Occupy Wall Street defines a protest in political activism today

On April 9, Micah White, the former editor of Adbusters magazine, gave a guest lecture called “What is a Protest?” in the Rotunda.

He is also credited with being the only American co-creator, of the 2011 movement “Occupy Wall Street.”

Adbusters magazine defines itself as “a global network of culture jammers and creatives working to change the way information flows, the way corporations wield power and the way meaning is produced in our society.”

After a brief but humorous introduction, a smiling White walked to the front of the room, looking approachable with Google Glass around his neck. He quickly appealed to the crowd with comments such as “I think liberal arts colleges are the future” and “The weather is like, really awesome.”

He then introduced himself and explained that the goal of his lecture, as the title would suggest, was to answer the question “What is a protest?” as it applies to activism today.

A protest, according to White, is “the way people manifest their discomfort with the government.”

He outlined the history of activist tools in promoting wide-scale change, citing Constantine the Great’s use of the cairo symbol in spreading Christianity, roadblocks to protest the World Trade Organization Summit in Seattle in 1999, and Occupy Wall Street’s own use of the hashtag.

These historical movements, as well as more modern ones like “Partido Del Futura” in  Spain and “Movimento” in Italy, inspired the techniques used in Occupy’s organization and demonstrations.

White claimed that Occupy is “a manifestation of protests from the last 500 years.”

But of Occupy, White said, “It’s a constructive failure.” It had “a high level of intelligence,” but it showed White and the other organizers what the limitations are when you are just occupying space. He said that they know now that camping out is not provocative enough to cause change. Protests in the streets are not the way either.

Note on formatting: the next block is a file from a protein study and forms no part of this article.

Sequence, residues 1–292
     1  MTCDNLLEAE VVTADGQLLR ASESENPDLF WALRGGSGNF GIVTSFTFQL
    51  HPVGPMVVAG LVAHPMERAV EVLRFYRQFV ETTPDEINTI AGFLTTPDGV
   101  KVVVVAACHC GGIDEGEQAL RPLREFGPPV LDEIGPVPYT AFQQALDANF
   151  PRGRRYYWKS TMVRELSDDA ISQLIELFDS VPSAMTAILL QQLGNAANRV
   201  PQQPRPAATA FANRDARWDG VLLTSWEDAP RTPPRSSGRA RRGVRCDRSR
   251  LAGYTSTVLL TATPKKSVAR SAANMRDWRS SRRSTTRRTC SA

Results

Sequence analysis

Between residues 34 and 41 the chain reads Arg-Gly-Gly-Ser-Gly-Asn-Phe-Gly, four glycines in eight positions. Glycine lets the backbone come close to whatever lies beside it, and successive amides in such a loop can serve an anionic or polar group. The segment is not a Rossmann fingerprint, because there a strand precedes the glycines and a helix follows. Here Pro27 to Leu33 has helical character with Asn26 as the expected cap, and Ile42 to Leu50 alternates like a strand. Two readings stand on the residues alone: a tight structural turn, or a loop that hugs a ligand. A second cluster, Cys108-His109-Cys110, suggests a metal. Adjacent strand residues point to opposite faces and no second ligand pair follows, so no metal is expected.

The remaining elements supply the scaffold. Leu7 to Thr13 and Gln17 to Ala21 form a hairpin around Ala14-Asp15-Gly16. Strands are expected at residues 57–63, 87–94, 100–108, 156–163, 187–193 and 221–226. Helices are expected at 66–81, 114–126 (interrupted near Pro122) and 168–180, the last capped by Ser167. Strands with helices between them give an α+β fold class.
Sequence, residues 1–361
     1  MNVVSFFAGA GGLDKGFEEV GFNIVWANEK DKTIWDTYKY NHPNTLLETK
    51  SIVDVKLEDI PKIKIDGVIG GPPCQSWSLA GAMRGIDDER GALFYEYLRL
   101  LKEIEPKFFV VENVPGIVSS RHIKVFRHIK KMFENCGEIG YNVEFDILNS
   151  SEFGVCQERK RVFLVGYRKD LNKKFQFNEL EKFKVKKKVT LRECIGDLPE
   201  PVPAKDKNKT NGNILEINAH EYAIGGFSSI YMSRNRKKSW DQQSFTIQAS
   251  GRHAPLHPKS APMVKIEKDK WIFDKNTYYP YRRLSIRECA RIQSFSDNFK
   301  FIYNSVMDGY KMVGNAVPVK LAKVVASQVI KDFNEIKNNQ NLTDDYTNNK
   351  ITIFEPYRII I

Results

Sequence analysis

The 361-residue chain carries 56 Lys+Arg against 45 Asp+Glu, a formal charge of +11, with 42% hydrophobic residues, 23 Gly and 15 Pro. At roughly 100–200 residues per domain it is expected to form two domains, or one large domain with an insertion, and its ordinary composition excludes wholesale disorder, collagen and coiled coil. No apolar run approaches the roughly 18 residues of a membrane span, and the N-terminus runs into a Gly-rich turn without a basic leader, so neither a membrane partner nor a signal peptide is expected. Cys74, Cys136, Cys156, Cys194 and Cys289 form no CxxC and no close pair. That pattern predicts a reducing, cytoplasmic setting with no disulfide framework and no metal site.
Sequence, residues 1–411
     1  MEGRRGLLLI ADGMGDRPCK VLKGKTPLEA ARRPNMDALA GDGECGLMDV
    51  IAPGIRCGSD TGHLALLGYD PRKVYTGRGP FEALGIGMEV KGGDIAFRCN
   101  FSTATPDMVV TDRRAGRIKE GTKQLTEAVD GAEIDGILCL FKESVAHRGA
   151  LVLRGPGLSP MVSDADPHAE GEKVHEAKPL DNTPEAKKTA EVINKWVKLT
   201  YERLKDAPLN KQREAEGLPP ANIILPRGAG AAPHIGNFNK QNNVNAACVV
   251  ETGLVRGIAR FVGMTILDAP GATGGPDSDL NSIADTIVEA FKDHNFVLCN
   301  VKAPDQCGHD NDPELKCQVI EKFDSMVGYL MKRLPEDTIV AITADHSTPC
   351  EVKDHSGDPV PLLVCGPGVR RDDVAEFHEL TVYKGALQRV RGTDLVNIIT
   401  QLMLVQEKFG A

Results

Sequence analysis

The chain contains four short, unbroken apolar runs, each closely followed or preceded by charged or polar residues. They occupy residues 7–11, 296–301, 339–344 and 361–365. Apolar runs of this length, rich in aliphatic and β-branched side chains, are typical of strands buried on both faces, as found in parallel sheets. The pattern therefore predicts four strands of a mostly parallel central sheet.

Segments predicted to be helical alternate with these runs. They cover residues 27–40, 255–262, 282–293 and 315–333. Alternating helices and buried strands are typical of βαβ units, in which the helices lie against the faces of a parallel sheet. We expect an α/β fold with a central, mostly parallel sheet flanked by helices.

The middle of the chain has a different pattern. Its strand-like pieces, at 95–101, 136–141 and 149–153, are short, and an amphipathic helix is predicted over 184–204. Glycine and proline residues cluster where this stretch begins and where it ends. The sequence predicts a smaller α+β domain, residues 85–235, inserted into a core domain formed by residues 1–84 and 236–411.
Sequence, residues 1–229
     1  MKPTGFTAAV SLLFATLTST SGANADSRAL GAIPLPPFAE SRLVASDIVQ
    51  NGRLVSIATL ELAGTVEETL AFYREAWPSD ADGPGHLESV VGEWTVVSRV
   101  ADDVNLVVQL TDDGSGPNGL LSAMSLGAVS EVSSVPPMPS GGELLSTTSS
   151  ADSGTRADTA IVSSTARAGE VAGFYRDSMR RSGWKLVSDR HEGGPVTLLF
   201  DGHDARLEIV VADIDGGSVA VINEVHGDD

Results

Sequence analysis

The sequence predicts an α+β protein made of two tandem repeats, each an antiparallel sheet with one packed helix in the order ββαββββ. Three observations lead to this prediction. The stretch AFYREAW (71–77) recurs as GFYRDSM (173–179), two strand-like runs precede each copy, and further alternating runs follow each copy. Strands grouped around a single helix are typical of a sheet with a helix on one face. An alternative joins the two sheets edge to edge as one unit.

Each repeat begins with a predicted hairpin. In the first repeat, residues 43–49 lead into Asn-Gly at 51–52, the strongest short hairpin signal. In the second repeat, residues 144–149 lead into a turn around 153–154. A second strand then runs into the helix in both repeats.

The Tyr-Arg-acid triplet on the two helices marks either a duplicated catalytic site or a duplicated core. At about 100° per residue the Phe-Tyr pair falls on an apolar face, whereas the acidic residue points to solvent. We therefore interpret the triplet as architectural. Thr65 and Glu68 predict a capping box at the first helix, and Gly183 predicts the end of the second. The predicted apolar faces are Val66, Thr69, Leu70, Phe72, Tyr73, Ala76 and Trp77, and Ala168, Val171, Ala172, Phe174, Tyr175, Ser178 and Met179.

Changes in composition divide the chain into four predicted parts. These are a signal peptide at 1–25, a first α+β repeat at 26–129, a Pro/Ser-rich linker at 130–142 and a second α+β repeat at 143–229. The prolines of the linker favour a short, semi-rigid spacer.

What is the way? White said, “Think viral social rituals.” These rituals include sounds, gestures and colors that one can identify with a particular movement and spread rapidly.

He cited the use of the four-fingered gesture “the RABA” in the Middle East as an anti-coup rallying call to the Islamic world and the reverse Nazi salute in France. He laughed as he said that the government wants to ban the gesture on the basis of being anti-semitic. People insist that it is not anti-semitic, and that no one actually knows what it means, but it has still caught on.

That, he insists, is the power of viral social rituals. No one knows why they are doing what they are doing, but they are doing it.

Time can be an even greater challenge to protests than law enforcement and the government. These protests have to be quick and intense.

“You basically have 28 days for an active protest,” he said. White seemed to be torn on whether social media is an asset or an obstacle to activist movements.

He put on his Google Glass and explained how important the technology could be in transmitting visual images of live active protests to the rest of the world.

But, at the same time, he said, social media has become so pervasive and there is so much content that most of that content has been reduced to white noise.

For more information on Occupy Wall Street and Micah White, you can check out White’s website ActivistBoutique.com.

White is also promoting a movement with friend Justin Wedes that promotes “needs based” activism in struggling cities like Detroit. It is called the After Party and you can find out more about it on AfterpartyUSA.org.